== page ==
Society For The Study Of Addiction

Baclofen as an adjunct pharmacotherapy for the maintenance of abstinence in alcohol dependent patients with established liver disease

[This poster was first presented at the SSA Annual Symposium 2013].

Dr Lynn Owens

No conflicts of interest declared.

AIM: The primary aim of this study was to measure the effectiveness of Baclofen in maintaining abstinence in patients with evidence of ALD.

Design: An observational prospective clinical audit was performed to review the effectiveness of Baclofen. Patients with liver disease and concomitant alcohol use were commenced on Baclofen at 10mg TDS, and titrated according to tolerability and response up to 30mg TDS. Primary outcome measures were severity of physical dependence, as determined by SADQ score, days abstinent, and biochemical markers of liver function (GGT and ALT). These were compared at baseline, and 3 months.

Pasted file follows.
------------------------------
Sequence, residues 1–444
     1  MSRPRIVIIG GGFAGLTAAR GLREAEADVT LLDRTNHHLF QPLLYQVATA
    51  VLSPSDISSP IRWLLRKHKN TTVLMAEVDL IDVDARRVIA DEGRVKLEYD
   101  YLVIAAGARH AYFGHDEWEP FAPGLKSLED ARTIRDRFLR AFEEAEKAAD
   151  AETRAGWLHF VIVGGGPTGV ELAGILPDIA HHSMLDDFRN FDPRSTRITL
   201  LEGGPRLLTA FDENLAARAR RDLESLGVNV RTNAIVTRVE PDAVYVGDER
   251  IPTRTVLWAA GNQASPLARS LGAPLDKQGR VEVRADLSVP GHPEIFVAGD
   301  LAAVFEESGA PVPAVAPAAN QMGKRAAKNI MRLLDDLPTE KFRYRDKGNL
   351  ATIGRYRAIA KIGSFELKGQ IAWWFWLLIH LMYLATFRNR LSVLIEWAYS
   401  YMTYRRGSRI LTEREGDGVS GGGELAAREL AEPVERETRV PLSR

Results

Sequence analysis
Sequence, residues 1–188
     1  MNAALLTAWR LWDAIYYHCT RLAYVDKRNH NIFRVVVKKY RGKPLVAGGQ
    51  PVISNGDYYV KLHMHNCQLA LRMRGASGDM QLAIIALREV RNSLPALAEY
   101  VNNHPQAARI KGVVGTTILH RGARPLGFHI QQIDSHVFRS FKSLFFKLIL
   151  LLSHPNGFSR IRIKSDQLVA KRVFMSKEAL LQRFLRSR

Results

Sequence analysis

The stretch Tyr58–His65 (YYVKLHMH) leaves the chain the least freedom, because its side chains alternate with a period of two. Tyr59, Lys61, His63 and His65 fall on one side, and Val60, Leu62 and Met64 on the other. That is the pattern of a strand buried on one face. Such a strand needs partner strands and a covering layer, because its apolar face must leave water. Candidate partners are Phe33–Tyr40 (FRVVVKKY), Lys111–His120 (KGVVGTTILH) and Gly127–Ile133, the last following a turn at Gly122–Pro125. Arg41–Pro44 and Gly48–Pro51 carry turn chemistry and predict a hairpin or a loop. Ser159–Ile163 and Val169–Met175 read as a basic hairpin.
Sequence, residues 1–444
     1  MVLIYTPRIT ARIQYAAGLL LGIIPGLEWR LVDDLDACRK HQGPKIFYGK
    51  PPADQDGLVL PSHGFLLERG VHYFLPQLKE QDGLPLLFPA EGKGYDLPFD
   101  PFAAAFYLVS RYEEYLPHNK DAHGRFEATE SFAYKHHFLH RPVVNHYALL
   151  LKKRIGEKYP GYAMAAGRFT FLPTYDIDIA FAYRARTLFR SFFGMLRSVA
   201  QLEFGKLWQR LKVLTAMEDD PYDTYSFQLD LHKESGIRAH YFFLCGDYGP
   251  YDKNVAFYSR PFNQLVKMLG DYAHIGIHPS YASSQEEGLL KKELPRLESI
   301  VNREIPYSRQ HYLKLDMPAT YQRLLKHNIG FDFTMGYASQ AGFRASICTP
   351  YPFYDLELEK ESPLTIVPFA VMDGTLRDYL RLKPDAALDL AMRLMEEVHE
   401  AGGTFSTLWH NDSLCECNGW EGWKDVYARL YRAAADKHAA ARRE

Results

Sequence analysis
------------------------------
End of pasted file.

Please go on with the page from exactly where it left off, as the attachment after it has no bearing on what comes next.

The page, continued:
Setting: Acute Hospital Trust

Participants: 75 patients with evidence of ALD

Findings: Of the 75 patients commenced on Baclofen 57 (76%) remained on the treatment and returned for all follow-up sessions at 1 week, 2 weeks, 6 weeks and 3 months. There was a significant reduction in alcohol consumption (P < 0.0001 95% CI for difference 20 to 26) with 49 of the 57 patients (93%) maintained total abstinence. There was a significant reduction in the presence of physical dependence (Chi² = 0.5 (1 DF) P = 0.4795) as measured by SADQ. Data were available for 3 month post treatment GGT for 36 (63%) of the 57 patients. Paired t-tests on log transformed data identified a significant difference between GGT levels at baseline and at 3 month follow-up [t(34)=3.625, p.001].

CONCLUSION: Baclofen has a positive impact on alcohol consumption in this very difficult to treat, high risk patient group.

Keywords: Acute care, Alcohol and Liver disease, Baclofen


A. Rose, M. Pirmohamed, S. Williams, W. Gao, R. Shaw, P. Richardson

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